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Terrorism News

A collection of open-source terrorism news from around the world.
Date: Jun 13, 2019

German authorities have arrested a Kosovo national accused of supporting the Islamic State group by transferring thousands of euros to a fighter and a would-be recruit.

The federal prosecutor's office said the 31-year-old man, identified only as Hassan Rejan B. in line with German privacy rules, was arrested Wednesday in the Pinneberg area, near Hamburg.

He is suspected of 15 counts of supporting IS and 11 of violating German export laws.

Prosecutors allege that the man made 11 transfers in 2016 and 2017 to an IS fighter in Syria. They say that, in 2015, he also transferred money to a man from North Macedonia who wanted to join IS in Syria. In all, they say he transferred about 15,000 euros ($17,000), in most cases as a go-between.

Read more: ABC News

Suspected white supremacist Brenton Tarrant is expected to enter pleas, and will face a new terrorism charge, when he appears in court on Friday over the mass shooting at two mosques in Christchurch.

In an attack on March 15 that was broadcast live on Facebook, a lone gunman armed with semi-automatic weapons targeted Muslims attending Friday prayers in Christchurch, killing 51 worshippers and wounding dozens of people.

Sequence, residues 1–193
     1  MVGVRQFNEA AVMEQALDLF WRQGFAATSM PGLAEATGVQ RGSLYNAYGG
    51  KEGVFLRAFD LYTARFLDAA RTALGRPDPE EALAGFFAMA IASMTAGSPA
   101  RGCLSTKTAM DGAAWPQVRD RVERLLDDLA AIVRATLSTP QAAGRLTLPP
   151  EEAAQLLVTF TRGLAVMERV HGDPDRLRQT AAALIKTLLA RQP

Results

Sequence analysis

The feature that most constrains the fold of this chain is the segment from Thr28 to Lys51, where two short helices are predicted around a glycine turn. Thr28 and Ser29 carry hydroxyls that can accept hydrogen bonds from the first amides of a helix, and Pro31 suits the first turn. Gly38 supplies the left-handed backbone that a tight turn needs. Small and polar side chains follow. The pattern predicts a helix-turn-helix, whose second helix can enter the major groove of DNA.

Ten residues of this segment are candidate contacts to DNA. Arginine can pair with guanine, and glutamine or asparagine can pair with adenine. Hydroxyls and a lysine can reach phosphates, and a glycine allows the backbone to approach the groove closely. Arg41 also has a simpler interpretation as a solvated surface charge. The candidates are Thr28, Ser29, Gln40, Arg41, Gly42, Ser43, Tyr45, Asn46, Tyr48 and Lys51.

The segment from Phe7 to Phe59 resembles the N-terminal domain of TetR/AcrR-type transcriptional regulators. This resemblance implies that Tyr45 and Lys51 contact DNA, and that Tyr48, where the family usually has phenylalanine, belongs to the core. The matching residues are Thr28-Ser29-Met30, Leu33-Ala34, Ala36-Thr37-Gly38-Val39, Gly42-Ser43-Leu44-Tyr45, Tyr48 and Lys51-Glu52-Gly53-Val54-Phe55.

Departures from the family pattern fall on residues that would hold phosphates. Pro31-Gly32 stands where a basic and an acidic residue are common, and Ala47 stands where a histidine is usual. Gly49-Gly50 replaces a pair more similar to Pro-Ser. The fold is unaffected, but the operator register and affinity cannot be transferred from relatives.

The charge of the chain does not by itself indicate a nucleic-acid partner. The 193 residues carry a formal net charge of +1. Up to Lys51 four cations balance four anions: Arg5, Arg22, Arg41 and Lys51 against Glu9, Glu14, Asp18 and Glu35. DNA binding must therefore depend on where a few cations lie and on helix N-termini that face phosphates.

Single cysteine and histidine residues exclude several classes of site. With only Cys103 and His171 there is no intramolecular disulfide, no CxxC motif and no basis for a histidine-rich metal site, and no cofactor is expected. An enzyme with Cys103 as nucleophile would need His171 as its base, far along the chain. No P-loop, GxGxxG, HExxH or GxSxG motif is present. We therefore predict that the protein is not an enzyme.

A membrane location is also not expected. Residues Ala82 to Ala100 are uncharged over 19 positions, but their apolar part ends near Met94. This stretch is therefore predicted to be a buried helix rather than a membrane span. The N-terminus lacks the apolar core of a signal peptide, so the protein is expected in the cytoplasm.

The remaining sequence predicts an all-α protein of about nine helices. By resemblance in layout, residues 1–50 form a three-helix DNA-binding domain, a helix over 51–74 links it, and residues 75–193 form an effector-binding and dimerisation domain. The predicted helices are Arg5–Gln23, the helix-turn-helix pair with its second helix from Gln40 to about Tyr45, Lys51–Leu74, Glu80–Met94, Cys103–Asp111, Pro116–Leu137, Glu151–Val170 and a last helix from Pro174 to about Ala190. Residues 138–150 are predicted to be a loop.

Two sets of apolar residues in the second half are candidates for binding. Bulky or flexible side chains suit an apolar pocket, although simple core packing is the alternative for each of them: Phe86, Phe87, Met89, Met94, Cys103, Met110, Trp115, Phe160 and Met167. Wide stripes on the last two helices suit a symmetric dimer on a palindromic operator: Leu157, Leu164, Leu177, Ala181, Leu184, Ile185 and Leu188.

Tarrant already faces 50 counts of murder for the attack and when he appears in the Christchurch High Court on Friday will be charged under a terrorist act, the first time such a charge has been brought in New Zealand.

Read more: Reuters

Apparent attacks on two tankers in the Gulf of Oman on Thursday forced their crews to abandon ship and left one vessel ablaze, a month after four tankers were damaged in the same area, raising alarms about the security of a vital passageway for much of the world’s petroleum.

The early morning incidents, which two shipping companies involved and the White House described as attacks, elevated tensions in a region already unsettled by the escalating conflict between the United States and some of its allies, and Iran.

Frictions have become so intense that other nations have pleaded with all sides to stay calm rather than provoke an all-out war. On Wednesday, Prime Minister Shinzo Abe of Japan, who was visiting Iran and trying to bridge the gap between Iran and the United States, warned of the risk of stumbling into military conflict.

Read more: New York Times